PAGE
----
Our threesome always went home together.  Walked past a campus house, and a non-campus house, and through the wet, night grass until the snow fell and we had to walk down the sidewalk.  I don't remember the first time we fell asleep together in the same bed.  If I had to guess, I would choose a night during our first year of college when we were waiting for one third of our threesome to come back from a protest in D.C., and we fell asleep in her bed watching a movie.  Perhaps at some point after the first Friday night in the basement I declared, "I'm tiny.  You'll sleep in my bed." and she did, and the rest was history.  On Friday nights I felt asleep comforted that her silent single across campus was empty, and she was safe with me.  On some Saturday nights, she would try to tell me how fast the room was spinning, and I would fall asleep glad that she broke her silence.  On some Saturday nights, we would sit together on the bathroom floor, and she would tell me not to rub her back.  Sometimes she would cry or get angry, and I was so, so, so grateful for everything that was coming up and out.  Anything but the silence. 

We didn't dress up for Halloween that year.  I was selfishly grateful, because I hated Halloween as much as she would in the years to come.  A couple of days after Halloween, I went up to her single mid-week and found her stash of alcohol.  We joked about her becoming an alcoholic because she was drinking alone, midweek.  I knew that for her it wasn't a sign of alcoholism but a sign of devastating heartbreak.  I also knew that she wouldn't talk about it the way I would - which she found out the next year - so not knowing what else to do, I slept in her single that night.  She had two lofted beds, one empty, but we fell asleep watching a Mary Kate and Ashley Olsen movie on VHS in her bed. 

We missed our other one-third.  My room across campus had four windows and three doors and an attached deck.  So she slept in our room, in my bed, almost every night for the rest of that semester and the next.  She would get up each morning, drive up to her single, and start her day from the dorm on the hill.  At night she would finish her work and drive over to our side of campus in her comfy pants and sweatshirt and end her day with us.  The times when her day would end after ours, she would walk through our unlocked front door, slip through our unlocked room door, and climb into bed with the lights off.  Quickly I became a habitual right-side of the bed sleeper, and on those late nights, when I had already fallen asleep, she just had to climb into her empty space and fall asleep.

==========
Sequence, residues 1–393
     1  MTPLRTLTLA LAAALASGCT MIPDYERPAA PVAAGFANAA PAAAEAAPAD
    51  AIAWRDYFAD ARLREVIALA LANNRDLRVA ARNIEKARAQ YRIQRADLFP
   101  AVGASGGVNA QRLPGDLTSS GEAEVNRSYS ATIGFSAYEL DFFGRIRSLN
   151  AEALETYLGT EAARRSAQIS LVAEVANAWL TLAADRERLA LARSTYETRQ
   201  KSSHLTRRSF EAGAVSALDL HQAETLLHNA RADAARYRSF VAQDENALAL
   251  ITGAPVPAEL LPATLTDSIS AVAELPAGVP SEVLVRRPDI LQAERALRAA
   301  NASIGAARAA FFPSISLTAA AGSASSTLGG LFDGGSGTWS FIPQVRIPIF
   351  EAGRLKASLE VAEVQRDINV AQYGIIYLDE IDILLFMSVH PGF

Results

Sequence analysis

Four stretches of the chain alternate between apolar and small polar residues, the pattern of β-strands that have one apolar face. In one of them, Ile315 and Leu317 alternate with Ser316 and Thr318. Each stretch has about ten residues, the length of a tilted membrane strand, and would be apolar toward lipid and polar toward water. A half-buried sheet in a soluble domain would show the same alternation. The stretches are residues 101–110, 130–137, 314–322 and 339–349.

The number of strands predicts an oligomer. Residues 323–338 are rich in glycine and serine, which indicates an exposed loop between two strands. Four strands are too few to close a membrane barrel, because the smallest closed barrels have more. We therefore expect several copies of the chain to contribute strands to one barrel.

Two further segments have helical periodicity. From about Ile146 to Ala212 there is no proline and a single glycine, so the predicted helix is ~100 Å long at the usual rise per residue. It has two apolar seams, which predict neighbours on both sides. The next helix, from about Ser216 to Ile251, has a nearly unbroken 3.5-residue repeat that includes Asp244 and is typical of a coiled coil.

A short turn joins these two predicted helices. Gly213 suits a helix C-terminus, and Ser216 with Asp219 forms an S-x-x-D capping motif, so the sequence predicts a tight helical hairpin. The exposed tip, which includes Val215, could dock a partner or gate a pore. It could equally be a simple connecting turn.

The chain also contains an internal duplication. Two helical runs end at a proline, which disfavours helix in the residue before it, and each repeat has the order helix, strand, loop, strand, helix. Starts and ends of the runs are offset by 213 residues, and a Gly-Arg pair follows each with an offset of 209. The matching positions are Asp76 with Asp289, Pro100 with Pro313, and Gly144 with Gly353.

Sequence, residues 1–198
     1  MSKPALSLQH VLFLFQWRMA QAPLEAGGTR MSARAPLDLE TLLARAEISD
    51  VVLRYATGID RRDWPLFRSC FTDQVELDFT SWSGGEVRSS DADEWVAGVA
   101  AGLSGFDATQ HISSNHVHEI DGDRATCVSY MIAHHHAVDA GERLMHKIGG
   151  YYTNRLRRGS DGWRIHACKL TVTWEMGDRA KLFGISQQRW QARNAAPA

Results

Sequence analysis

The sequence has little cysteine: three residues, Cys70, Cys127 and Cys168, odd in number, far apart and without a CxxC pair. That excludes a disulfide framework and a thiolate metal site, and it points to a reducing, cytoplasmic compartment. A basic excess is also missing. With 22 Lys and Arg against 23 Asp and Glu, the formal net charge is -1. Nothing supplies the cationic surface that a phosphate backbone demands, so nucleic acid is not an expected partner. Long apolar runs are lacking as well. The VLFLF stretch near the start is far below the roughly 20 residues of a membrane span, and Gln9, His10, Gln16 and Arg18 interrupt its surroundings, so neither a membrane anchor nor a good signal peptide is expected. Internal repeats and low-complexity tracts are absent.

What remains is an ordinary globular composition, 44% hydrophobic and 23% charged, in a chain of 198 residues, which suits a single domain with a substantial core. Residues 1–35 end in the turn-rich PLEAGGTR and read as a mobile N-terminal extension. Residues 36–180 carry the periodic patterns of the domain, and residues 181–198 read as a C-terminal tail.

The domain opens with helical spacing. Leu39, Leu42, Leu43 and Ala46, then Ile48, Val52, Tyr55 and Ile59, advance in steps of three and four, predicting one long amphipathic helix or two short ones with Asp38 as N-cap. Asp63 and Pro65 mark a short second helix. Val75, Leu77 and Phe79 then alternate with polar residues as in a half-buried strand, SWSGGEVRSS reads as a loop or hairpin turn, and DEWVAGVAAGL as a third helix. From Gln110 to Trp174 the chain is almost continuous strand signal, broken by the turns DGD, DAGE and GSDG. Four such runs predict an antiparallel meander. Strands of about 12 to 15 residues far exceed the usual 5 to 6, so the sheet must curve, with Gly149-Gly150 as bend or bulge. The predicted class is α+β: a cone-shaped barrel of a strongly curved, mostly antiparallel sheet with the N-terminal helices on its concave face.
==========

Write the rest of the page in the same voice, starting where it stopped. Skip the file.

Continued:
She never talked about it much, but after a while (months) her silence dissipated, as did my worry.  She had to work through her decisions and her heartbreak and her life alone, but I always felt lucky to stand next to her while she did that.  Lucky to have a friend willing to let me in when it went against her nature, her experiences, her coping skills.  She let me in, even if it was just to stand next to her.  In the years to come she let me in more often and with more communication.  And I let her in.  I let her stand by me, support me, and carry me in times when it felt terrible to stand alone.  Some of my favorite time with her are from the times when I felt like life had left me alone.  We have had so. much. fun. together. over the years, but I've always cherished it when she let me in on her hard times.

She's fallen silent.  Months ago.  I can't invite her to sleep in my bed, or note that she's picking at her food, or watch for a private stash of alcohol, or listen for a Saturday morning laugh that lets me know she will be okay.  She pushed me away.  She won't let me just stand next to her or join her in her silence.  Share her silence.  Carry it for a while, if she'll let me.  It's breaking my heart, and I don't know what to do about it.